Twisting and struggling like a fish caught on a Fisherman's hook, I was drowning in a sea of "Writer's Blocks", "Rejections", and "Procrastinations". I plucked the last page of my latest Novel from my ancient typewriter, crushed it into a tiny ball and threw it across the room. The ball landed in the waste basket near the door. Thoughts of throwing my typewriter into the waste basket next, crowded my mind but instead, I bowed my head and prayed, "Please God, help me to overcome my past writing mistakes and find the Joys of Writing in my part of the World, The Bahama Islands.
Before my prayers were finished, I saw them, hundreds of butterflies clinging to the blossoms of a "Strong Bark Tree" in my front yard. The butterflies stood motionless on the dew laden blossoms as they sucked the sweet Nectar in contentment.
As I moved closer, the sweet fragrance from the blossoms made me realize that this was the real reason why the butterflies had come to my tree. "The Strong Bark",
or " Strong Back Tree" as it is sometimes called by Bahamians is a valuable tree to have in your garden. Although it flourishes and grow in the "wilds', it is very valuable to many Bahamians. The leaves when brewed make an excellent tea. The berries are bright orange, when ripe, soft and semi sweet to the taste. The tree grows deep into the soil, and is so strong that it refuses to fall, even in Hurricanes. I thought, how sad it was that new or foreign land owners were not aware of the significance of these trees, and were cutting them down. I knew at that moment that the historical "Strong Bark" trees would slowly disappear from the Bahamian landscape.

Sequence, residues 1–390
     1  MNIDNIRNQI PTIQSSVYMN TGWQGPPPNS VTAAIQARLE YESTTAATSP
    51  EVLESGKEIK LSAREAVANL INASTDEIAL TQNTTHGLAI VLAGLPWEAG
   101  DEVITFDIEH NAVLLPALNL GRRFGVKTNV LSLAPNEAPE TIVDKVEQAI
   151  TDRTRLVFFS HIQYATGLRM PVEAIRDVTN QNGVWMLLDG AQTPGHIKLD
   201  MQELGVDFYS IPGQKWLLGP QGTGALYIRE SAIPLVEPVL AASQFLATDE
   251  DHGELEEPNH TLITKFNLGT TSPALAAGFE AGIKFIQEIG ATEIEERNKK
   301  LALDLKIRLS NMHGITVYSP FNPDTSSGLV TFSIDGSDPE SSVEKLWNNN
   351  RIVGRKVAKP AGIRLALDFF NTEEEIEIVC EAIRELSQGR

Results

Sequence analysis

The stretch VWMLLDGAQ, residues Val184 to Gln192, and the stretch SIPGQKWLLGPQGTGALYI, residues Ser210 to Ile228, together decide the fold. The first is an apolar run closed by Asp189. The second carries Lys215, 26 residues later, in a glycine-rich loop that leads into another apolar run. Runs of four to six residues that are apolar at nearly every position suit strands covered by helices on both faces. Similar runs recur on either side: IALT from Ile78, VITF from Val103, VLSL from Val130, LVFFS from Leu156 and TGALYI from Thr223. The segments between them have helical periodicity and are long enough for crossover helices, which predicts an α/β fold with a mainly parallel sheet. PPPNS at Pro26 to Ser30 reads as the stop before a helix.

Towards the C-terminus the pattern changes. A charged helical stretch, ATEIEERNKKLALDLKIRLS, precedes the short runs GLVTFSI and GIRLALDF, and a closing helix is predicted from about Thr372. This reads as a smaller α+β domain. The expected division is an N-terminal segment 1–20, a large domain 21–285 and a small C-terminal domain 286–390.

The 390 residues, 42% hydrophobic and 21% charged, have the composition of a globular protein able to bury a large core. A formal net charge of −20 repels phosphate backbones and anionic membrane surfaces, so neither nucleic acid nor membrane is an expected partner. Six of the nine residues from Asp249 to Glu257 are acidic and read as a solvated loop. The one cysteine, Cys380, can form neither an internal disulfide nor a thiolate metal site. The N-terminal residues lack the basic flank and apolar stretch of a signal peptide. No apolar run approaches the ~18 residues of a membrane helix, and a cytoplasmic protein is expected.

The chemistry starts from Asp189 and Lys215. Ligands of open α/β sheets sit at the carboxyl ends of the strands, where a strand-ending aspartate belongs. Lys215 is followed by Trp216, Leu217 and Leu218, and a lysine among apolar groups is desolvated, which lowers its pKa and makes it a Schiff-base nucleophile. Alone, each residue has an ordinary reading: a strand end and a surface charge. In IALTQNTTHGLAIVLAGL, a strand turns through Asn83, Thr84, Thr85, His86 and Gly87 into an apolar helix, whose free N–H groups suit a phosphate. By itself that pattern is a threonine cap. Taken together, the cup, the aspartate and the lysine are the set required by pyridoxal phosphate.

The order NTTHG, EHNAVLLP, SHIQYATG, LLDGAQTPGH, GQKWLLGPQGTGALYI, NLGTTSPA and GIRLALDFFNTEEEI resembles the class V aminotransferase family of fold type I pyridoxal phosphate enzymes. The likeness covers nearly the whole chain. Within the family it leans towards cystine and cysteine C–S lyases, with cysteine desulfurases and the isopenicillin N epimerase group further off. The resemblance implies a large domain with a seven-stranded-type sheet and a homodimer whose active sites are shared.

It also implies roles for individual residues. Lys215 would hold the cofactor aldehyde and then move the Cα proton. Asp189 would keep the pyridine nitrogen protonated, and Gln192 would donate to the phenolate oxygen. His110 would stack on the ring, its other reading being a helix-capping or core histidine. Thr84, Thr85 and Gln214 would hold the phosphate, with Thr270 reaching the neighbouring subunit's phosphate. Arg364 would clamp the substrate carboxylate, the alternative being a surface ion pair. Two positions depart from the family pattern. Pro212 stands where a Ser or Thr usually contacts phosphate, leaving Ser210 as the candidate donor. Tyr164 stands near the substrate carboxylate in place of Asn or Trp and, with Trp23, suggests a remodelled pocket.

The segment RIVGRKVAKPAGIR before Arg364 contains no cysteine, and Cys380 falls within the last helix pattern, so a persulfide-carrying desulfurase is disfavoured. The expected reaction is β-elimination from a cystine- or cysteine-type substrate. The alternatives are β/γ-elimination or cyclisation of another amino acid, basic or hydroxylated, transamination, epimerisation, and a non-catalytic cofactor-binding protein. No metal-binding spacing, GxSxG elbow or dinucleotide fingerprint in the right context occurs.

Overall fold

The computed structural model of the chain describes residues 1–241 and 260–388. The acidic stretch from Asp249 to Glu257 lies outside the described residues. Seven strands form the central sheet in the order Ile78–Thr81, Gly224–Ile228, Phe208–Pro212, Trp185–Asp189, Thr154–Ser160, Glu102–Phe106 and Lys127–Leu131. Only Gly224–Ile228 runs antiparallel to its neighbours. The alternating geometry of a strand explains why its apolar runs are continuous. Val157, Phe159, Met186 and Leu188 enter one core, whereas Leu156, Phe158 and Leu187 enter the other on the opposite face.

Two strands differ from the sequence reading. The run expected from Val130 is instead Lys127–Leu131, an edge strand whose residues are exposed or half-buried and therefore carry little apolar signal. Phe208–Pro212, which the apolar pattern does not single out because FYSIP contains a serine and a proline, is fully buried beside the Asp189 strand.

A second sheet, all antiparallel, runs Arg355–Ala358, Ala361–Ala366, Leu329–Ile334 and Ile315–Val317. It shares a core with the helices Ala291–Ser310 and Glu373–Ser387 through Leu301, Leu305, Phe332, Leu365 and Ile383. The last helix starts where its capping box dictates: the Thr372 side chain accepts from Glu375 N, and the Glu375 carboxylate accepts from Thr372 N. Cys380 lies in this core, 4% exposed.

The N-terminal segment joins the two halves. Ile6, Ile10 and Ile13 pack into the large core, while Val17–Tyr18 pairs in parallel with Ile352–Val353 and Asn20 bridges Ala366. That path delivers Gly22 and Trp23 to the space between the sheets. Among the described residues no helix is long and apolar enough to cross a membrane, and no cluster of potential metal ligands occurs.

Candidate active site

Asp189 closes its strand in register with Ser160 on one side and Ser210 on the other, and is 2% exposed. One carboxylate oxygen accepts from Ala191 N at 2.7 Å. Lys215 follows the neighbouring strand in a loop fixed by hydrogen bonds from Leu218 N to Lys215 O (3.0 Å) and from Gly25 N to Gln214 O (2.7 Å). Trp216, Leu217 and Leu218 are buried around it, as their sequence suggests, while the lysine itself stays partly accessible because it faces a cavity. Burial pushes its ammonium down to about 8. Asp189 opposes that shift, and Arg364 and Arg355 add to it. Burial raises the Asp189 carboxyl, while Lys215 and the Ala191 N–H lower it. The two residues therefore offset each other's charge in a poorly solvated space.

But, these fragile butterflies had come to escape the cold harsh winter and had traveled thousands of miles up from South America to Eleuthera, Bahamas. They had come to show me a lesson about determination.
To be continued in the soon to be published book "In Search of Bahamian
and American History"
by Vera Chase